|Year : 2022 | Volume
| Issue : 2 | Page : 115-117
Chikungunya presenting with pulmonary involvement – An unusual manifestation
Sanjay P Khare, Amey V Yeolkar
Department of Internal Medicine, Apollo Hospital, Navi Mumbai, Maharashtra, India
|Date of Submission||02-Feb-2022|
|Date of Decision||12-Feb-2022|
|Date of Acceptance||14-Apr-2022|
|Date of Web Publication||16-May-2022|
Sanjay P Khare
X13 Lane No 1, Sector 9, CBD Belapur, Navi Mumbai - 400 614, Maharashtra
Source of Support: None, Conflict of Interest: None
Chikungunya is caused by an arthropod-borne alphavirus transmitted by the mosquito vectors Aedes aegypti and Aedes albopictus. It is being increasingly reported in India in general and Mumbai in particular. The name chikungunya is derived from an African language and means “that which bends up” or “A disease that makes one walk with a stooped gait” because of the incapacitating arthralgia by the disease. The usual presentation is with inflammatory arthritis/polyarthralgia. Systemic manifestations are rare. In this report, we present a case of chikungunya with pulmonary manifestations, which is very unusual. A 69-year-old male patient with laboratory-confirmed reverse transcription-polymerase chain reaction (RT-PCR) chikungunya fever had lung involvement with acute hypoxemia and electrolyte imbalance. Initially, the patient was suspected to have COVID-19 disease as there was a fever with respiratory involvement, and he had presented right in the middle of a COVID-19 pandemic. Bilateral basal crackles and low SpO2 pointed toward the same. However, TruNAAT-COVID (once), rapid antigen test-COVID (once), and RT-PCR for COVID-19 (twice) were negative. Moreover, his upper respiratory tract Multiplex PCR panel was also negative, thereby truncating the possibility of infection with usual/other viruses. Hence, all the clinical features, X-ray, and high-resolution computed tomography of the chest pointed toward pulmonary involvement because of chikungunya, making this a very unusual presentation.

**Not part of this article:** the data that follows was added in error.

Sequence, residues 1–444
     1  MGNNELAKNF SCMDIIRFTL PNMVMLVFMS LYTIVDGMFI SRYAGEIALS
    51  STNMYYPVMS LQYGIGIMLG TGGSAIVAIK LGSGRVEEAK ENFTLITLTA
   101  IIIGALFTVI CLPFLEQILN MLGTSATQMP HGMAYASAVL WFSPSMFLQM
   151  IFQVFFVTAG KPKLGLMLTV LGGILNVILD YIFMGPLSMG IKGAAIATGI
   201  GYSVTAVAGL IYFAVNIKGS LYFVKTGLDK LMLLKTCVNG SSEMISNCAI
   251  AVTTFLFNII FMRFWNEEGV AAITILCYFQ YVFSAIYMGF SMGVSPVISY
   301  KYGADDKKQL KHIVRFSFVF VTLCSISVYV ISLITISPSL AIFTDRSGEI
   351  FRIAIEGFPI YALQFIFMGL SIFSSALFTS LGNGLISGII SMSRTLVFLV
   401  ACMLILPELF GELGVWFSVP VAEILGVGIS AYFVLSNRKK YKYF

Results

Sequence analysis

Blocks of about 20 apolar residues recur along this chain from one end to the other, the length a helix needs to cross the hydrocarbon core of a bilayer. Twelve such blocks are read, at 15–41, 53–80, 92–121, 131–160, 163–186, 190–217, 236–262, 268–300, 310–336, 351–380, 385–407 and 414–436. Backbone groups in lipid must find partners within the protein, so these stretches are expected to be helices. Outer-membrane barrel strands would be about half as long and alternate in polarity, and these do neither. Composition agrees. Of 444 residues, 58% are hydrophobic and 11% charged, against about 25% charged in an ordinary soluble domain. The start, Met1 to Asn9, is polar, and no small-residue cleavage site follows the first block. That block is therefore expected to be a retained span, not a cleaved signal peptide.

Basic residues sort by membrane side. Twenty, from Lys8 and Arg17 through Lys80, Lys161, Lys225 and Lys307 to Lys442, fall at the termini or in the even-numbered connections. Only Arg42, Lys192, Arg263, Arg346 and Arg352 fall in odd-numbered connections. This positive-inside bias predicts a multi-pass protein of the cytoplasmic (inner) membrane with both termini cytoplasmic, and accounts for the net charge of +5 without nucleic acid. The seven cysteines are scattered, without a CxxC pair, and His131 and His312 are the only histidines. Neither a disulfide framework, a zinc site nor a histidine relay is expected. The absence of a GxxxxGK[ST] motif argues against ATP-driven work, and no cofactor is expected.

Keywords: Chikungunya, hyponatremia, pulmonary involvement, unusual
|How to cite this article:|
Khare SP, Yeolkar AV. Chikungunya presenting with pulmonary involvement – An unusual manifestation. Apollo Med 2022;19:115-7
| Introduction|| |
This is case of chikungunya (proved by Reverse Transcriptase Polymerase Chain Reaction RT Pcr). There was significant pulmonary involvement (breathlessness, basal crackles and low SpO2) and hyponatremia. All the other possibilities like viral infections and pulmonary embolism were ruled out by relevant tests. Chikungunya is not known to cause pulmonary involvement hence this case is being reported.
| Case Report|| |
Mr. NS, M/69-known diabetic/HT/BE P. Sugar and BP were under excellent control. He presented with fever and chills for 4 days, polyarthralgia, weakness, Dyspnea on exertion (DOE), hiccups and abdominal pain, nausea, and vomiting.
He was afebrile, dull, and dehydrated. BP was 130/80, the pulse rate was 84/min, and SpO2 was 92/93%. The random blood sugar level was 220. He had severe polyarthralgia. Knees/shoulders, hips involved. Basal crackles +.